Friday, 13 April 2012

Triad Transformation over 7th chords with graphic

Here's a further description with music graphics to illustrate the uses of triad transformation as the upper portion of slash chords. It sounds good to have one note move in a chord for a pleasing and sometimes startling effect in 7th chord quality. It's just that something so simple can be so motivational.

The examples used are basic to C major. 

The transforms of Cma7, using R. and L. only (see previous 2 blogs for definitions),  depart from a C triad in bar 1. Bar 2 departs from a G triad/C.

The transforms of Dmi7 (bar 3), using R. and L. only (see previous 2 blogs for definitions) depart from F/Dmi7, then Ami/Dmi7, and in bar 4 transforms depart from C/Dmi7 and then Emi/Dmi7.

The transforms of G7 use R. L. and P.  The transforms depart from G/G7 using R. and P. only. 

Bar 6 transforms of G7 depart from Dmi/G7 to create various extension colors, for example:

Dmi/G7 = G9 and that transforms to:

Bb/G7 = G7(#9) back to Dmi/G7 which transforms to:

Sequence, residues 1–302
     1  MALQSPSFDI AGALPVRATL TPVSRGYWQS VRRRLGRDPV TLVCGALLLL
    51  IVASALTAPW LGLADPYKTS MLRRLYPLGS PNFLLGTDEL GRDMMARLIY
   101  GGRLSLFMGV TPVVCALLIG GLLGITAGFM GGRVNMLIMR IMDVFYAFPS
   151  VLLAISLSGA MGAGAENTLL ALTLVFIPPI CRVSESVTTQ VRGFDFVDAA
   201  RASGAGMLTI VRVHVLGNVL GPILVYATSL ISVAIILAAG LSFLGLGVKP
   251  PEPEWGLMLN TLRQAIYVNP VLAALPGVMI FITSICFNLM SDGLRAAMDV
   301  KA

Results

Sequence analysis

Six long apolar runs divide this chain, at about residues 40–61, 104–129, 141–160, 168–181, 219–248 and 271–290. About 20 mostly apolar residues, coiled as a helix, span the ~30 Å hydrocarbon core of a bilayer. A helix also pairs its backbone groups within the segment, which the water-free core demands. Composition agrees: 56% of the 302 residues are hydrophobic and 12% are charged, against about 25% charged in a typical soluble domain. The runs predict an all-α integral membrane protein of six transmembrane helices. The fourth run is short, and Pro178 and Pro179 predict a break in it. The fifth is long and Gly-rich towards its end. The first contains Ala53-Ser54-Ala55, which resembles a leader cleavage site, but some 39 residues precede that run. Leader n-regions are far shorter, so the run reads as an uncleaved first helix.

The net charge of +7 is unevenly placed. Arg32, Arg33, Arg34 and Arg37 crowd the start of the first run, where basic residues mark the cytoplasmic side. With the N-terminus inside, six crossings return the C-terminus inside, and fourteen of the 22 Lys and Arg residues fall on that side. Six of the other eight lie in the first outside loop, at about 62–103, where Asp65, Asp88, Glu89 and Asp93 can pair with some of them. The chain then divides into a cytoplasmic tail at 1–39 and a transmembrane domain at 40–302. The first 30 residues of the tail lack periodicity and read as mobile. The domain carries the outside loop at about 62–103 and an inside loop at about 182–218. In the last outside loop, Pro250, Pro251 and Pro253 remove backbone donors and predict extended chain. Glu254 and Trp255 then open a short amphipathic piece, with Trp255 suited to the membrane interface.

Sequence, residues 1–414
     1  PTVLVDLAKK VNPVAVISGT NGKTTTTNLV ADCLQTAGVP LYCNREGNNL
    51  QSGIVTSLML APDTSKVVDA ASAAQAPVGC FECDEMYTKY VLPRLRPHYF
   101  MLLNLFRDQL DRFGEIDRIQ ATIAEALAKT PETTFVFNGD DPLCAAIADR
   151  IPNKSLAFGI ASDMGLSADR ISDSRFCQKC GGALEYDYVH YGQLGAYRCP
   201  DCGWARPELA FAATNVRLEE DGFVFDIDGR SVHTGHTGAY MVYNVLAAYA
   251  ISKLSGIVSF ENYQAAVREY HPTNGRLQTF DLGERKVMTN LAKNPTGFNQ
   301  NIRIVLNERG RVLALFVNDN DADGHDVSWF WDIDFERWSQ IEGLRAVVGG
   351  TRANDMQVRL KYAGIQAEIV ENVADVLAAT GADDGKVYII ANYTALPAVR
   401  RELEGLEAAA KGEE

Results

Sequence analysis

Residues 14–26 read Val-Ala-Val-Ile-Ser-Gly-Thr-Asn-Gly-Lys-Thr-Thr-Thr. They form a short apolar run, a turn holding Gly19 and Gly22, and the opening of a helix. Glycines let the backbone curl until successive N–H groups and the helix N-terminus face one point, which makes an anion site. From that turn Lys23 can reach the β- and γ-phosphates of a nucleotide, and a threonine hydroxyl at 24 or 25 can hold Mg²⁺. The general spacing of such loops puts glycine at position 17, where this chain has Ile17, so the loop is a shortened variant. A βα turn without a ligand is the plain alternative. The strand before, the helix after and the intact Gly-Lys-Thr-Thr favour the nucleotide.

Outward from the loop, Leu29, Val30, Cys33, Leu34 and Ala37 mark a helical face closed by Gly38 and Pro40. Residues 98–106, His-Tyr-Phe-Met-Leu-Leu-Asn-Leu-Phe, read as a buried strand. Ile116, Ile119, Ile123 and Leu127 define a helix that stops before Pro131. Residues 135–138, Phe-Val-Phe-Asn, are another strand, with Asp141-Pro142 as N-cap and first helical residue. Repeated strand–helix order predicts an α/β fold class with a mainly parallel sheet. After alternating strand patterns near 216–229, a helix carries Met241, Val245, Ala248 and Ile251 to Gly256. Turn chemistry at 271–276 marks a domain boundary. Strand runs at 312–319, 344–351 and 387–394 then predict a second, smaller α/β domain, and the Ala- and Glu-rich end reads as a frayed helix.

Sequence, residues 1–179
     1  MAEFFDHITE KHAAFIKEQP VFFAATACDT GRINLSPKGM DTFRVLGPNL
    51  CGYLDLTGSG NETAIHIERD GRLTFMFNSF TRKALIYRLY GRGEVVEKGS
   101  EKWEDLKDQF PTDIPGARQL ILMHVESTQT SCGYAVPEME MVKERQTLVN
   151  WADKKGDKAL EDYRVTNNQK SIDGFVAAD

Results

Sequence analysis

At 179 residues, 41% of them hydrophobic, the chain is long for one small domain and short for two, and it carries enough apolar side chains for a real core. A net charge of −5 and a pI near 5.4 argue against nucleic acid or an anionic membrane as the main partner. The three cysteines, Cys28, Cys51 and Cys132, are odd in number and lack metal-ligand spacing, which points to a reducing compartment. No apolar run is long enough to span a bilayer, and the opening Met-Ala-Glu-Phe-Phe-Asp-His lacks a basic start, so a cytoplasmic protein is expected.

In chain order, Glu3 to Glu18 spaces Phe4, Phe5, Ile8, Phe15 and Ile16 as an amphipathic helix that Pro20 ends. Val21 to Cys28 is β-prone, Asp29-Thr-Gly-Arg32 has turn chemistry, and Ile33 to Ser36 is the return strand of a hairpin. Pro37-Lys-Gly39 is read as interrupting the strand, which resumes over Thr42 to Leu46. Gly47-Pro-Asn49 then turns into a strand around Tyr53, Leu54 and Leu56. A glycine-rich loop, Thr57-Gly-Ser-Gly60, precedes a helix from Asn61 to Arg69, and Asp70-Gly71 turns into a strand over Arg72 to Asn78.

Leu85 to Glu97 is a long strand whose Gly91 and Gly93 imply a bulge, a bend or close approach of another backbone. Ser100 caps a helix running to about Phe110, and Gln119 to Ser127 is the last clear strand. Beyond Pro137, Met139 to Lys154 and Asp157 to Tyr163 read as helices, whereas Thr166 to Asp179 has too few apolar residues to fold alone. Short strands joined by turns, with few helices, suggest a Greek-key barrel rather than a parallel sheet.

F/G7 = G9sus4 (leave out the third).

Continuing in bar 6, Bb/G7 = G7(#9) transforms to Gmi/G7 which also = G7(#9)
coming back to the Bb/G7 which transforms to Dmi/G7 (G9).

Continuing in bar 6 the Bb/G7 then transforms into Bbmi/G7 (using P.) creating G7(#9#11).

Bar 7 features G7 harmony transforms that depart from Db/G7 (G7(b9#11) to Bbmi/G7 (G7[#9#11]) (note the typo)  and back to Db/G7 which transforms to Dbmi/G7 (using P) = G13(b9#11).

The second half of bar 7 transforms from E/G7 (G13[b9]) to a C#mi/G7 (using R.) = G13(b9#11) and then back to E/G7 which then transforms to: Abmi/G7 (using L.) = G7(b9b13).

Back to E/G7 which transforms to Emi/G7 (using P) = G13.

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